Research by the University of Amsterdam shows that elusive radiation from black holes can be studied by mimicking it in the laboratory.
Black holes are the most extreme objects in the universe, cramming so much mass into a space so small that nothing – not even light – can escape their gravity once they get close enough.
Understanding black holes is key to revealing the most fundamental laws that govern the universe, because they represent the limits of two of the best tested theories of physics: General theory of relativitywhich describes gravity as the result of the (large-scale) twisting of spacetime by massive objects, and the theory Quantum mechanics, which describes physics at smaller length scales. To fully describe black holes, we would need to link these two theories together and form a theory of quantum gravity.
radiating black holes
To achieve this goal, we might want to look at what manages to escape from black holes, rather than what gets swallowed up. The event horizon It is an intangible boundary around each black hole, from which it is then impossible to get out. However, the famous Stephen Hawking discovered that every black hole must emit a small amount of heat radiation Because of the small quantum fluctuations around it horizon.
Unfortunately, this radiation is not directly detected. The amount of Hawking radiation coming from each black hole is expected to be very small, and impossible to detect (with current technology) among the radiation from all other cosmic bodies.
Alternatively, can we study the mechanism behind the emergence of Hawking radiation here on Earth? This is what researchers from the University of Amsterdam and IFW Dresden set out to investigate. The answer is an exciting “yes”.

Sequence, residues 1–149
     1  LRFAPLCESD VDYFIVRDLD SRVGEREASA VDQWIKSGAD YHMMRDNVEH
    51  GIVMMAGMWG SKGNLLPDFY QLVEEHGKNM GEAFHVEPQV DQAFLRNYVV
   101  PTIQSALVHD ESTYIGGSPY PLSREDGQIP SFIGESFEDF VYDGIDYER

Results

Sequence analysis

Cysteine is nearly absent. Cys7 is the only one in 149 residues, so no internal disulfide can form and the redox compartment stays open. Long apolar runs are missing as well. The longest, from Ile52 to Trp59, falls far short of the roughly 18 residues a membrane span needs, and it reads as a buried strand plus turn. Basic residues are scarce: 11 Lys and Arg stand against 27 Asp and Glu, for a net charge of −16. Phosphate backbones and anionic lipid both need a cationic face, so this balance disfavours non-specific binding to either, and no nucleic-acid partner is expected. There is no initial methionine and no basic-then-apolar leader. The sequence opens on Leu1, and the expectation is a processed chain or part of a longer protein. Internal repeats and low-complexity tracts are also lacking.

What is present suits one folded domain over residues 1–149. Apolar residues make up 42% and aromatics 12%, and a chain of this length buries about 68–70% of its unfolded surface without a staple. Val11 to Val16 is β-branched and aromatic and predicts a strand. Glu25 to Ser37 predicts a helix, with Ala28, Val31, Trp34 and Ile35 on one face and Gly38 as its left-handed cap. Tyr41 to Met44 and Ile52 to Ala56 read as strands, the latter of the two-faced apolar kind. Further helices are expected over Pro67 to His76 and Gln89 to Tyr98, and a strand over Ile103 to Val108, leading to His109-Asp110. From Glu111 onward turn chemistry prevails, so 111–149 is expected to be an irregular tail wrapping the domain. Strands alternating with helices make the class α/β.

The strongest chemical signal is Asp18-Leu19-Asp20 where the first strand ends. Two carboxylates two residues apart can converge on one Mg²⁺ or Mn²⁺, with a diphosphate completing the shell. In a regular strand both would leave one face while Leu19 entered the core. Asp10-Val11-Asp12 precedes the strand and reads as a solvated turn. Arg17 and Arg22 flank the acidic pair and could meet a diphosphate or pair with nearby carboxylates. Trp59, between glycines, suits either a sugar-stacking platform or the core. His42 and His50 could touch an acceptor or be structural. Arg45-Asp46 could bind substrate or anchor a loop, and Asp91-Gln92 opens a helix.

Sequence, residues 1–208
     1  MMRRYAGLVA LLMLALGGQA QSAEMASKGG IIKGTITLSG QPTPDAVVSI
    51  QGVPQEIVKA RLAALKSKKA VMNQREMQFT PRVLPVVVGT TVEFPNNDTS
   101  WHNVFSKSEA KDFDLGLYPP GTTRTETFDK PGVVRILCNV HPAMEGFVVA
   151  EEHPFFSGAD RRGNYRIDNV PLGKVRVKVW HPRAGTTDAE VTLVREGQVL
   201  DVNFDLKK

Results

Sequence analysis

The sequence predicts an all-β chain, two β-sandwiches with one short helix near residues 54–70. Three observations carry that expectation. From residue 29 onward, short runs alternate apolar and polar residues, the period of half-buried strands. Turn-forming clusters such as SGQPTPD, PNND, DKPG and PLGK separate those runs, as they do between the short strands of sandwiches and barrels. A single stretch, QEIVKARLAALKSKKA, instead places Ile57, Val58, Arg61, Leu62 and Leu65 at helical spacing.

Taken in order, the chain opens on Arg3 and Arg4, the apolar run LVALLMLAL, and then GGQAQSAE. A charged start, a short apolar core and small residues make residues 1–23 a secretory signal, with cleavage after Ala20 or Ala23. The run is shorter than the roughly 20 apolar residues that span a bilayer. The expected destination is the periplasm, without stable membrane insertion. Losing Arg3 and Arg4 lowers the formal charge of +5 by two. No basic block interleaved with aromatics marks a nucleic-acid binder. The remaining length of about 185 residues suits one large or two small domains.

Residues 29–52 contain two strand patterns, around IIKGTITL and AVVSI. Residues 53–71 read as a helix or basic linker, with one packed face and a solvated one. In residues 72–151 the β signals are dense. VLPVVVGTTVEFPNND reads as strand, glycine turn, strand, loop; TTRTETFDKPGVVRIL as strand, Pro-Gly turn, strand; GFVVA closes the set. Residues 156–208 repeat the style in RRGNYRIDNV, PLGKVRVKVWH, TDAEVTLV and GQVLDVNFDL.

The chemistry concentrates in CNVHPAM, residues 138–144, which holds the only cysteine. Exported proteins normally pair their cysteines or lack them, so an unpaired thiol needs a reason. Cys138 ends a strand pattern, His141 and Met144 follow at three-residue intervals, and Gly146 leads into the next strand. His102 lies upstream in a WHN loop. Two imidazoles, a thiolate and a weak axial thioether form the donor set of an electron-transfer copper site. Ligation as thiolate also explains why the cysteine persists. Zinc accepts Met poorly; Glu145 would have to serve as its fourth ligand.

black holes in the lab
“We wanted to use the powerful tools of condensed matter physics to explore the unattainable physics of these amazing objects: black holes,” says author Lotte Mertens.
To do this, the researchers studied a model based on a one-dimensional chain of atoms, in which electrons can “jump” from one atomic location to another. The twisting of space-time due to the presence of a black hole is simulated by tuning how easily electrons can move between each location.
With the correct probability of jumping along the chain, an electron moving from one end of the chain to the other would behave just like a piece of matter approaching the horizon of a black hole. Similar to Hawking radiation, model system It has measurable thermal excitation in the presence of an artificial horizon.
Learning by Measurement
Although there is no actual gravity in the model system, looking at this structural horizon gives important insight into the physics of black holes. For example, the fact that simulated Hawking radiation is thermodynamic (meaning that the system appears to have a constant temperature) only for a certain selection of the spatial variance of the mobility probability, suggests that real Hawking radiation may also be purely thermal in certain situations.
In addition, Hawking radiation occurs only when the model system starts without any spatial difference in its navigation probabilities, simulating flat spacetime without any horizon, before being changed to one that hosts an artificial black hole. The appearance of Hawking radiation requires a change in the warping of space-time, or a change in how an observer looking for the radiation perceives this warp.
Finally, Hawking radiation requires a portion of the chain beyond the artificial horizon. This means that the presence of thermal radiation is intricately related to the quantum mechanics property of entanglement between objects on both sides of the horizon.
Since the model is so simple, it can be implemented in a range of experimental settings. This can include adjustable electronic systems, slewing chains, cold particles or visual experiences. had brought black holes It could bring us closer to the lab one step closer to understanding the interaction between gravity and quantum mechanics, and on our way to a theory of quantum gravity.
The search was published in Physical Review Research.
Lotte Mertens et al., Thermal conversion by artificial horizon, Physical Review Research (2022). DOI: 10.1103/ PhysRevResearch.4.043084
University of Amsterdam
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